Daily Investment Interpretations

December 6, 2011

2011-12-6: (Tuesday Night): The markets ended the day mixed, with the Dow up 52 points and the NASDAQ down 6 points: A Dow kind of day, and . The NASDAQ Composite slipped 6.2 points (-0.23%) to close at 2,649.56. The Dow advanced 52.3 points (0.43%) to 12,150.13; the S&P 500 rose 1.39 points (0.11%) to settle at 1,258.47. Oil adjusted to 100.93: gold inched down to 1,723. The VIX crept upward 0.29 points to 28.13.
    "U.S. blue chips turn in Tuesday's best performance, with the S&P 500 flat and the Nasdaq in the red. Late-day support came from a report that a European debt-crisis bailout fund could be doubled." The indices fell into the close, perhaps because of nervousness over what will or won't happen at Thursday's critical EU summit meeting.
   We're all in the euro zone    
    Mark Hulbert tells us How to get even with Wall Street
    Brett Arends shows us Arends: How to make ‘zillions’ on Wall Street... if you dare.
    And David Weidner's advice: Dump your bank
    The Trading desk tells us how to Have dividends and capital gains.
    Michael Ashbaugh says Market recovery meets technical resistance. 
    Irwin Kellner asks How low can oil prices really go?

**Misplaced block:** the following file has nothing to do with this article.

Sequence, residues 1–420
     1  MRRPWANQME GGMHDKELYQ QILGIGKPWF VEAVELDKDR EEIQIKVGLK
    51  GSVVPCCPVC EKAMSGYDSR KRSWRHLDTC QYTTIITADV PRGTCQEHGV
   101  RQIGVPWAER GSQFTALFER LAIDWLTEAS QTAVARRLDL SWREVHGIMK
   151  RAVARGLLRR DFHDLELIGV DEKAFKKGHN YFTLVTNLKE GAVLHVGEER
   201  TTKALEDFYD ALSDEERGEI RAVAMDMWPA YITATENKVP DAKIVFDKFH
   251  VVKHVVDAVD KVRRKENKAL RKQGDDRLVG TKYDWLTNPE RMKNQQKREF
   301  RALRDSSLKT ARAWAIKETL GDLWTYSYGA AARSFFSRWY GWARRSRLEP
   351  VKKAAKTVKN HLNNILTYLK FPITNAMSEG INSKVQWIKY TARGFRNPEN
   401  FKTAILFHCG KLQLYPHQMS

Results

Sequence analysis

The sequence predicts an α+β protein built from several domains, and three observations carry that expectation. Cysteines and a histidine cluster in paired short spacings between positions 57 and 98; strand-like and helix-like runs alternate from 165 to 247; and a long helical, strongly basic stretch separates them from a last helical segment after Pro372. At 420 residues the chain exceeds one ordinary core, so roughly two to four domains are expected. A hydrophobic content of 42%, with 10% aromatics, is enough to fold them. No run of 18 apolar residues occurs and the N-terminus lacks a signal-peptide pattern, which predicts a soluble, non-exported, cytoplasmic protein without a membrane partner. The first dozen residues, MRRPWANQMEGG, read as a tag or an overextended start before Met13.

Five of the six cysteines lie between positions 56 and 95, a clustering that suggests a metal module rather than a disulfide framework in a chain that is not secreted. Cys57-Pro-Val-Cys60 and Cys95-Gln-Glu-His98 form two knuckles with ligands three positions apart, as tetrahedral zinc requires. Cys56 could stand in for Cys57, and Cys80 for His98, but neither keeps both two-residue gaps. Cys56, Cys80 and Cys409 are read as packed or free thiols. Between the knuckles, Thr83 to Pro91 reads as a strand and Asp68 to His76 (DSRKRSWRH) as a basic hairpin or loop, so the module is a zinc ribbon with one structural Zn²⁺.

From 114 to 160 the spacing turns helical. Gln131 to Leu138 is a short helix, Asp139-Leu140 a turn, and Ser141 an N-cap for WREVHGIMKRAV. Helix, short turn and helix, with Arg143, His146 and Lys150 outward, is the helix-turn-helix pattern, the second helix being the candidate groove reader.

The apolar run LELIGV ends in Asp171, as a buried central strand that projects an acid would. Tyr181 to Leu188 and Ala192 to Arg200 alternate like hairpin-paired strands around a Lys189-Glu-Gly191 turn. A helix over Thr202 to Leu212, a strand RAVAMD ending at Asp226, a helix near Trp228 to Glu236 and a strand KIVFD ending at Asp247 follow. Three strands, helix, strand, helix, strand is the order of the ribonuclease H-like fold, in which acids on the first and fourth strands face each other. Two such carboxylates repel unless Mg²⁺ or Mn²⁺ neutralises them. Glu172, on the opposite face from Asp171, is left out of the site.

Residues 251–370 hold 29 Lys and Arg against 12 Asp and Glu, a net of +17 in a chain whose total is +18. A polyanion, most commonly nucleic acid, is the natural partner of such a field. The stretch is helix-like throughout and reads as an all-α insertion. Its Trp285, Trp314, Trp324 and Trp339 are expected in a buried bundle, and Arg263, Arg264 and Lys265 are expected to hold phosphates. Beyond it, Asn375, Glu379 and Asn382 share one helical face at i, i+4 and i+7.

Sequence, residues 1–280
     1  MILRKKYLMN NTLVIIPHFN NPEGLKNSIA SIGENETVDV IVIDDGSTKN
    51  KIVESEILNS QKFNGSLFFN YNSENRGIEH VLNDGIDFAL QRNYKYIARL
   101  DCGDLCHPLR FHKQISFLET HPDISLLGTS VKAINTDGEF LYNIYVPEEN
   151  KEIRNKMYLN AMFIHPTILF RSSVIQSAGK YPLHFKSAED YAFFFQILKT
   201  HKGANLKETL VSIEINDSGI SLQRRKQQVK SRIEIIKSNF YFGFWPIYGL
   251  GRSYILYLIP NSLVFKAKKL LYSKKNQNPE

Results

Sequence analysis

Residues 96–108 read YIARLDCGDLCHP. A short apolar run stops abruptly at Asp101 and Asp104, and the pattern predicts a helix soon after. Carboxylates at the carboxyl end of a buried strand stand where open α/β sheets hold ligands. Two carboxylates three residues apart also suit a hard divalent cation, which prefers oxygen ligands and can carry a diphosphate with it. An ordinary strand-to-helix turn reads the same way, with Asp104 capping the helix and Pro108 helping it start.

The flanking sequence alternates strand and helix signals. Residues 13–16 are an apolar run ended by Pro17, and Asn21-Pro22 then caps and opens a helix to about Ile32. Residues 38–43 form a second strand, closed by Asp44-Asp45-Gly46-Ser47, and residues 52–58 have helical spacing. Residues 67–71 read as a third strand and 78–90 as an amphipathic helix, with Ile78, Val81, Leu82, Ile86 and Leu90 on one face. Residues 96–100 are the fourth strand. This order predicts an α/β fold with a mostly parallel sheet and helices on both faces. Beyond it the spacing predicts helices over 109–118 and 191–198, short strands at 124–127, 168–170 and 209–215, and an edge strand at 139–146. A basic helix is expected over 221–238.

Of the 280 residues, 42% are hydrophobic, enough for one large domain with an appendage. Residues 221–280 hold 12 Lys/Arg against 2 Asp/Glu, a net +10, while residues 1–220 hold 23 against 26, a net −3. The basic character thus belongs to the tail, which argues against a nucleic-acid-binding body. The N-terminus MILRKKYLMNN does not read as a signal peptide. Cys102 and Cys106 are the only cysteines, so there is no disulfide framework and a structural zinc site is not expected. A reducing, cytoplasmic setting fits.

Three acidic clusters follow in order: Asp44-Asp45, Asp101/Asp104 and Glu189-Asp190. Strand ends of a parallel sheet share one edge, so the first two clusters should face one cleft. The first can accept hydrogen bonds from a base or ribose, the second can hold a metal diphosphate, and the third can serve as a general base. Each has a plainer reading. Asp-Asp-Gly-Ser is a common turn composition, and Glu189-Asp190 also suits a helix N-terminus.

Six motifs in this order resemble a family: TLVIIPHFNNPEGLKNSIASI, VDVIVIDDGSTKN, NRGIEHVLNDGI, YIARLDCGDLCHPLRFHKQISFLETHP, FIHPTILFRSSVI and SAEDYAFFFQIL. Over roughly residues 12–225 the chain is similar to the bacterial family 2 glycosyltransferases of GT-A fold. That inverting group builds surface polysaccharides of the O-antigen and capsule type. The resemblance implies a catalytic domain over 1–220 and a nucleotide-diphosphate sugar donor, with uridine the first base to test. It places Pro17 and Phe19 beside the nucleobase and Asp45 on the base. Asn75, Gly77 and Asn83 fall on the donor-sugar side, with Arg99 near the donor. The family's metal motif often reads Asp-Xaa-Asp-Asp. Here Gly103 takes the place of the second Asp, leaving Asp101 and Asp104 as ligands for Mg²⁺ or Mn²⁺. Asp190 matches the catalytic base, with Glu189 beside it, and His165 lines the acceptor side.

And Paul Farrell warns: Super Rich vs. 99%: Class war will explode. What's interesting in this article is the author's listing of the euphemisms to be employed by the nation's 29 Republican governors in discussing the "Occupy Wall Street" movement. "Government spending" is to be replaced by "government waste". For example, the term "capitalism" is to be replaced by less contentious descriptors such as "free enterprise" or "economic freedom". To advise the Republican governors concerning this word-smithing, the Republican Party invited as a speaker at last weeks' of a pollster whom Paul Farrell describes as one of the most capable behavioral economists in the United States: Frank Luntz.
      
    State of the Markets articles include:   
    EU Officials Considering Doubling Bailout Funds  
    When You Assume   
    S&P Places Europe's EFSF Bailout Fund on CreditWatch Negative  
    Banking On A Strong December? Better Check Your History First     
    Italy's Monti Warns of Greek-Style Collapse  
    Bank of England Introduces Contingency Liquidity Facility  
    Germany Industrial Orders Up Unexpectedly in October
    S&P Warns 15 Eurozone Nations of Possible Downgrade           
     
    Market futures are up ˝ % tonight.